In his summer statement or “mini budget” yesterday, Chancellor Rishi Sunak vowed £30bn to help save as much as 2m jobs, with bonuses for companies to retain furloughed staff, hire young people and apprentices. However, critics warned this would not be enough to prevent job losses following the coronavirus crisis (The Telegraph). Economics experts have warned job losses are still to be expected despite the Chancellor’s announcements, with the furlough scheme coming to an end in October (The Guardian). Bosses have “hardly welcomed” Sunak plan, warning more direct support was needed to kickstart the economy (The Times £).
In other announcements, crisis-hit retailers, technology firms and small businesses complained about Sunak “missed opportunity” as he focused spending on the hospitality sector. Bosses were expecting industry-specific tax cuts and said subsidies for the hospitality sector should have been mirrored in other industries (The Telegraph). Sunak in fact, pledged £4bn to help pubs and restaurants recover, with a temporary VAT cut from 20% to 5% until January and £500m discount scheme to encourage consumers back to eating out (The Telegraph). However, alcohol sales are excluded from the VAT tax cuts, with may pubs warning of closure risks (The Guardian).
Diners will be given 50% off their restaurant bill in August, up to £10 per head, to help spending back to pre-coronavirus levels. Hospitality firms will be able to sign up and claim back the remaining cash from the government (BBC).
Despite all the measures announced, the Chancellor warned of “profound economic challenges ahead” as a result of the crisis but vowed the government will do all it can to prevent job losses and further economic shrinkage (Sky News).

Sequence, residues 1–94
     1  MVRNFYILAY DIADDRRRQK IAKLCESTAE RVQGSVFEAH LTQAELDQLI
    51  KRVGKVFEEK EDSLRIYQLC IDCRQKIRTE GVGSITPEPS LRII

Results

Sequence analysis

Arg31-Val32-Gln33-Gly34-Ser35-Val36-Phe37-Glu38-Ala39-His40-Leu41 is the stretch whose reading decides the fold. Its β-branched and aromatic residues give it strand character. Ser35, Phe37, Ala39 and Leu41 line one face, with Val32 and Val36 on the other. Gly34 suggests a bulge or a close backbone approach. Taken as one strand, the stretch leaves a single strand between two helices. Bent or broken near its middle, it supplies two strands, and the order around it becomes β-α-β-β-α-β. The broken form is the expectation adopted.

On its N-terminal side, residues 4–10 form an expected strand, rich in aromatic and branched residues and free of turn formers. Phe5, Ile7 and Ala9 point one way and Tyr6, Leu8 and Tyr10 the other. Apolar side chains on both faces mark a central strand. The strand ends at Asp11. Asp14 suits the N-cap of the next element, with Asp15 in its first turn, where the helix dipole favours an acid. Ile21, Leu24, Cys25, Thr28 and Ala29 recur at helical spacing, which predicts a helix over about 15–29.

Sky’s Ian King looked at the Chancellor measures and concluded that there are risks attached to them. “VAT cut and state-subsidised meals risk creating problems later”, he wrote as once these policies are in place it would be difficult for Sunak to revoke them (Sky News).
Uber Eats has joined forces with Asda, in the delivery firm first venture into grocery in the UK, after rivals Deliveroo and Just Eat had already started delivering grocery’s for other retailers. Asda, who had previously tried out Just Eat, said Uber Eats services will be trialled in two stores and if successful the service would be expanded (The Guardian).
Meanwhile, Deliveroo-backer Hoxton Ventures is leading a £5m investment round in Kbox, a technology company which helps restaurants use spare kitchen capacity to fulfil orders for other food brands (Sky News).
A wet autumn has forced farmers to switch out crops, leading to 25% less wheat being produced this year in Britain (The Times £).
Burger King has warned the fallout from the coronavirus pandemic might led to the permanent closure of around 10% of its restaurants in the UK, with the closure leading to 1,600 job cuts (BBC).